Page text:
In upholding the denial of defendant's motion, this court relied on two cases which dismissed similar claims. United States v. Claiborne, 727 F.2d at 845, citing United States v. Hastings, 681 F.2d 706 (11th Cir.1982), cert. denied, 459 U.S. 1203, 103 S.Ct. 1188, 75 L.Ed.2d 434 (1983); United States v. Isaacs, 493 F.2d 1124 (7th Cir.1974) (per curiam), cert. denied, 417 U.S. 976, 94 S.Ct. 3184, 41 L.Ed.2d 1146. These cases squarely held that the Constitution does not immunize a federal judge from criminal prosecution prior to impeachment. United States v. Hastings, 681 F.2d at 710-11; United States v. Isaacs, 493 F.2d at 1144. In view of the reasoning in Hastings and Isaacs, and in view of our previous opinion, in this case, squarely deciding this issue adversely to defendant, we see no reason to re-examine the question here.

We remark, in addition, that defendant's suggestion that the protections guaranteed by the Constitution to criminal defendants

Page 790

are inadequate to protect a federal district judge appears disingenuous from our review of the record, which appears to us to reflect that defendant was afforded a fair trial fully consistent with the protection of his constitutional rights.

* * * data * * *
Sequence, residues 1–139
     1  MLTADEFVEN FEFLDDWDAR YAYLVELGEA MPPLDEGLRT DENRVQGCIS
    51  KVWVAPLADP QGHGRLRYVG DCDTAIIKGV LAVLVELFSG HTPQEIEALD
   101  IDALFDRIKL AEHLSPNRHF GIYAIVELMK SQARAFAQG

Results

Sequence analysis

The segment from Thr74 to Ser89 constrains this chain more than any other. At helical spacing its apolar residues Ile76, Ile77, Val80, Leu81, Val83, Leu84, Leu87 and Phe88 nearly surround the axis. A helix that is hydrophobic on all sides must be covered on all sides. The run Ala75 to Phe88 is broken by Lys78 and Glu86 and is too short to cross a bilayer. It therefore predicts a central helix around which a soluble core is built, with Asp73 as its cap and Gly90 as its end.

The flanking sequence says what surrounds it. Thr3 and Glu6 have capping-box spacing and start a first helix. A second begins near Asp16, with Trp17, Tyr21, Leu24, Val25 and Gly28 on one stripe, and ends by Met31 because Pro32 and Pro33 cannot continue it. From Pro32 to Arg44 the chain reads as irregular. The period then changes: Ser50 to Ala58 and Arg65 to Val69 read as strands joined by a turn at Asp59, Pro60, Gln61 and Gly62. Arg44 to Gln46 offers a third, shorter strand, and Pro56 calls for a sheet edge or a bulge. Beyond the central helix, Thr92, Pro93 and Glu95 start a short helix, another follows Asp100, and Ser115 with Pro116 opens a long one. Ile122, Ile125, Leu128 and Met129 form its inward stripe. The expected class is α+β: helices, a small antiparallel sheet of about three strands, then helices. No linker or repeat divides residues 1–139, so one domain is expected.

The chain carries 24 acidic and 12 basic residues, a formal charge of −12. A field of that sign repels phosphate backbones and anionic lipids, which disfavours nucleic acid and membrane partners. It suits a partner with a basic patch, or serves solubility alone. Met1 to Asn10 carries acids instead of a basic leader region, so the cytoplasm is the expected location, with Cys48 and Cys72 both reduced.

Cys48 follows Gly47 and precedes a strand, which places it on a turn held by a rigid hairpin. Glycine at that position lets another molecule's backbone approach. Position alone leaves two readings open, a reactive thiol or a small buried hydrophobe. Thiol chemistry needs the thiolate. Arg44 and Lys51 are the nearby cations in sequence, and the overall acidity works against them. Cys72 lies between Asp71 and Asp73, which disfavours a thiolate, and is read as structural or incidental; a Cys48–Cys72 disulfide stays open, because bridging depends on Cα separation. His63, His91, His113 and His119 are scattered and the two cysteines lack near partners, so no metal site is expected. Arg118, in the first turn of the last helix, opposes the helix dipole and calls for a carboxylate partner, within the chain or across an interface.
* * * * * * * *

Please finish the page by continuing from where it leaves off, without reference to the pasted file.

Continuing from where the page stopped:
B. Intrusions into the Grand Jury's Independence

Defendant's second contention, in which he seeks dismissal of his indictment, subsumes numerous challenges relating to the manner in which the prosecution obtained the indictment. These challenges, unlike defendant's first contention, merit some discussion from this court.

1. The Conforte testimony and its effect on the grand jury

Defendant contends that the prosecution knowingly presented the perjurious testimony of Joseph Conforte to the indicting grand jury, and that this testimony unconstitutionally biased the grand jury against him. Defendant maintains that the prosecution intentionally failed, in examining Conforte, to require Conforte to specify the exact dates on which incidents culminating in the alleged acts of bribery occurred, because the prosecution allegedly knew that the acts did not take place. Defendant additionally maintains that the prosecution amended its request for notice of defendant's intent to rely on an alibi defense three times before trial, each time changing the dates on which the alleged acts of bribery took place, because Conforte kept changing the details of his story. These acts, defendant asserts, amounted to the knowing presentation of perjured testimony, or at least an invitation to Conforte to perjure himself before the grand jury. Defendant asserts that Conforte's perjurious testimony irreparably biased the grand jury against him, in violation of the Due Process Clause of the Fifth Amendment. Alternatively, defendant asserts that the prosecution's behavior in obtaining and presenting the Conforte testimony justifies a dismissal of defendant's indictment in the exercise of this court's supervisory power.